- The Washington Times - Wednesday, June 20, 2001

What President Bush accomplished during his visit to Europe last week could be a legacy of lasting value. At a time when trans-Atlantic relations seemed in danger of foundering, Mr. Bush did much to dispel concerns over American unilateralism and affirmed his commitment to keep the United States firmly engaged on the European continent. In doing so, Mr. Bush looked beyond the post-Cold War era to one still in the process of definition. The contours, though, are becoming clearer.
Expectations of political food-fights and flying rhetorical dinner rolls at the summit had been running high, and European newspapers had given Mr. Bush such dubious nick-names as "the toxic Texan." As Danish Minister for the Environment Sven Auken told reporters in Washington last week himself previously a harsh critic of the Bush administration who now speaks more moderately of finding common ground on the environment Mr. Bushs views on Kyoto "are far outside the European mainstream." It seems Europeans have a hard time grasping that there is an American mainstream with a set of views in many ways different from their own, be that on the death penalty or the politics of energy consumption and global warming. There has not been much effort to understand Mr. Bush in his own context. The crowds of thugs and demonstrators who have taken upon themselves to interrupt international meetings could hardly be expected to understand this, but European politicians ought to display a more sophisticated understanding of the world.
And, yet, Mr. Bush came with a clear agenda and an outstretched hand. "What has not emerged as clearly as it should from reports on Mr. Bushs visit was the warmth of the atmosphere," wrote Chris Patten, EU commissioner for external affairs, in the International Herald Tribune. "It was clear to all of us in Gothenburg that we were dealing with a president and an administration who are internationalist in outlook, open to dialogue, and ready to develop, not discard, Americas relationship with Europe." German Chancellor Gerhardt Schroeder noted that "Our Euro-Atlantic community of states is the most essential factor for democratic stability and economic prosperity across the world today." This new tone is good news.
The vision articulated by Mr. Bush in Brussels and in Goteborg (a city which may have as many spellings as there are American newspapers) and which he committed himself to in Warsaw on Friday is of an inclusive Europe that could extend as far as Ukraine. "We will not trade away the fate of free European peoples," he said. "No more Munichs. No more Yaltas." Now, this is truly thinking ahead. The commitment to NATO enlargement that Mr. Bush made in Warsaw reinforces the welcome decision by the European Union to conclude negotiations with new members from the former East bloc by the end of next year. From the perspective of the applicant nations, who seek to join both NATO and the European Union, this means military and economic security and stability.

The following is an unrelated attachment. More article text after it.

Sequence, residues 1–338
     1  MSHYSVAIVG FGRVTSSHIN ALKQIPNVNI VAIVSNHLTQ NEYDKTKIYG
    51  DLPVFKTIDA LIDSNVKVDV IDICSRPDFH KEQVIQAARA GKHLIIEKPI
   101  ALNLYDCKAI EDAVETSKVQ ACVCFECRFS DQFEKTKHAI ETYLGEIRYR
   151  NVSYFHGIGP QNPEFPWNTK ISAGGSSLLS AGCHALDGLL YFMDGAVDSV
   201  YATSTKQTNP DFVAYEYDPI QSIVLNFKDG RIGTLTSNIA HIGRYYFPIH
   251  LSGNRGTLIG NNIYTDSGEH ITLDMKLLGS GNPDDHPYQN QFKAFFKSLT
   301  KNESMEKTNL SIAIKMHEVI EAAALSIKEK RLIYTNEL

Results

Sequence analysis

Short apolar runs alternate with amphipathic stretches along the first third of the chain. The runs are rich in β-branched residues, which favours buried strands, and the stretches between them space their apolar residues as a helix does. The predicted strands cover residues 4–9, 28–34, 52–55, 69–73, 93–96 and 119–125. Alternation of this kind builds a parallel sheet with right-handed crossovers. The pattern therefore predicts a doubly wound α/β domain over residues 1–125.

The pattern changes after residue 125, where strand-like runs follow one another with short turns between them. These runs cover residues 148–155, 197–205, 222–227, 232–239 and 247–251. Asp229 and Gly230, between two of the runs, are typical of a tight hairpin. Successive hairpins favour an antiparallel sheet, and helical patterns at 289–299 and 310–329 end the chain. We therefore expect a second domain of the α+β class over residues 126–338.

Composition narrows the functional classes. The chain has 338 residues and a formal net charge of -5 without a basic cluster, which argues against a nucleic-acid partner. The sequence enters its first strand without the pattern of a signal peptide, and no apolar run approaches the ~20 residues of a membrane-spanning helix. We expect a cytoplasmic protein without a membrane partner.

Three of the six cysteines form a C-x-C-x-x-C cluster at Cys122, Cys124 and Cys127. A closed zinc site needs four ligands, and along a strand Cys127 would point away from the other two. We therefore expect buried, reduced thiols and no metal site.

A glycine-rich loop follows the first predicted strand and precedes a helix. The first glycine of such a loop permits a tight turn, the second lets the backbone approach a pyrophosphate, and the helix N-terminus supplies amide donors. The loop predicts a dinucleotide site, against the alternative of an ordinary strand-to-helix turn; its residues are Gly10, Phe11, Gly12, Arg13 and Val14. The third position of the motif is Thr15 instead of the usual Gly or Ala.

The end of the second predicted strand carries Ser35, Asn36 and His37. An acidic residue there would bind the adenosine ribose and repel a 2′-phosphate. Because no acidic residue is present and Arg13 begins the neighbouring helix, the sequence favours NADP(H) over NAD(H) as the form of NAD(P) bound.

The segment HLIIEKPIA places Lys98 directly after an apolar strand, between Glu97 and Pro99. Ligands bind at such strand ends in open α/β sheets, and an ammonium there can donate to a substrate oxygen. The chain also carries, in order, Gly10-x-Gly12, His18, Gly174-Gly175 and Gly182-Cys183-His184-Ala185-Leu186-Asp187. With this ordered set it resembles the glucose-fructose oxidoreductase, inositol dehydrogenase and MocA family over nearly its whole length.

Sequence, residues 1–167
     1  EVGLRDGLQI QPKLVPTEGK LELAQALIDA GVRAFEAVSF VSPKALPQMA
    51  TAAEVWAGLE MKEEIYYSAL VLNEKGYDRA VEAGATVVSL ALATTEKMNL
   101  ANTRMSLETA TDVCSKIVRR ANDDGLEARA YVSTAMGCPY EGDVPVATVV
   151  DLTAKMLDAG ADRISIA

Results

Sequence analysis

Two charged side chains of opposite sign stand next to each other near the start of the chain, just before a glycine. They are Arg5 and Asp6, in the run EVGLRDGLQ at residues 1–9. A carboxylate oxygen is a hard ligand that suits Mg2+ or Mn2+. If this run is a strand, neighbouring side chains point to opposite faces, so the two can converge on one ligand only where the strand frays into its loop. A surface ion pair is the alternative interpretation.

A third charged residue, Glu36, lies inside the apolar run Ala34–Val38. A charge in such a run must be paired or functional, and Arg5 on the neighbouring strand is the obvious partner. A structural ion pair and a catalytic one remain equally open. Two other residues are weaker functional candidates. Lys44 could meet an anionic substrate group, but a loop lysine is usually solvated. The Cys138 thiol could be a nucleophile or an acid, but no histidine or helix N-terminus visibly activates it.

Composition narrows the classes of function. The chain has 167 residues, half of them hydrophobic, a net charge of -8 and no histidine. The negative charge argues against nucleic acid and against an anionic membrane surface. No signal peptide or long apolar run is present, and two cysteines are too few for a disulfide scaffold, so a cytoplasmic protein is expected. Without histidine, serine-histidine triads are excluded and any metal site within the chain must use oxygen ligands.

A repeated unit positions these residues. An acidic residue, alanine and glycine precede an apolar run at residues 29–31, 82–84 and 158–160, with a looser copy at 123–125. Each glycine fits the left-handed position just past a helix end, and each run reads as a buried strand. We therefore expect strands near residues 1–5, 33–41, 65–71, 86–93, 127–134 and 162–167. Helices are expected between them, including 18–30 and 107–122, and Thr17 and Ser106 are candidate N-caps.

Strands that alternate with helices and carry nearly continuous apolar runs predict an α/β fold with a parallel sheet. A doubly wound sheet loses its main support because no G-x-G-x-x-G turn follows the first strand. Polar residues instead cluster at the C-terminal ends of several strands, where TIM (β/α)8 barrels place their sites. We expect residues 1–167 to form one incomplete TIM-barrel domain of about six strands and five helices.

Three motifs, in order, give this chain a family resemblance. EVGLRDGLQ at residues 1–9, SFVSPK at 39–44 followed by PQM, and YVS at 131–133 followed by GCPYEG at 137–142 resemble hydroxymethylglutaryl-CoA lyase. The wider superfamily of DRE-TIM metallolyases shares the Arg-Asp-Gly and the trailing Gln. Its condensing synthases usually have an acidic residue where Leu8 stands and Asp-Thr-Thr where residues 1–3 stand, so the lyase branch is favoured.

From the perspective of the United States, it provides a group of allies whose affinity with American values and interests is rock solid. Feeling jaded about American ideals and values? Take a trip to any country formerly trapped in a communist nightmare behind the Iron Curtain, and you will get an unforgettable reminder. In some quarters of Western Europe though by no means all memories of World War II and the Marshall Plan have faded. In Central and Eastern Europe, memories of U.S. support in the fight against communism are fresh and inspire tremendous trust and gratitude.
And from the perspective of West Europeans who have been known sometimes to suspect East Europeans for being shills for the United States NATO enlargement gives the United States an overriding concrete reason to maintain future engagement in Europe. The trouble brewing in the Balkans remains an important reason, but, as the Bush administration came under fire for suggesting, it is sometimes hard to see why Europeans themselves are unable to contain it, particularly given the aspirations contained in the European Security and Defense Initiative.
And finally, despite some justifiable criticism directed at Mr. Bush for his comments about seeking a sense of Russian President Vladimir Putins "soul" (which in truth does sound more than a little Clintonian in its silliness) and his lack of forcefulness on the issue of Chechnya, his framework for U.S.-Russian dialogue is one from which the United States stands to benefit. While open and friendly, Mr. Bush stayed the course on the Anti-Ballistic Missile treaty and missile defense. Importantly, he also stressed the importance of Ukraine and its aspirations to be part of the West. As that strategically crucial country teeters on the verge of falling back into Russias sphere of dominance, the pull in the other direction needs to be as strong.
All of which makes for a good weeks work for Mr. Bush. It is greatly encouraging if Europeans see it the same way.
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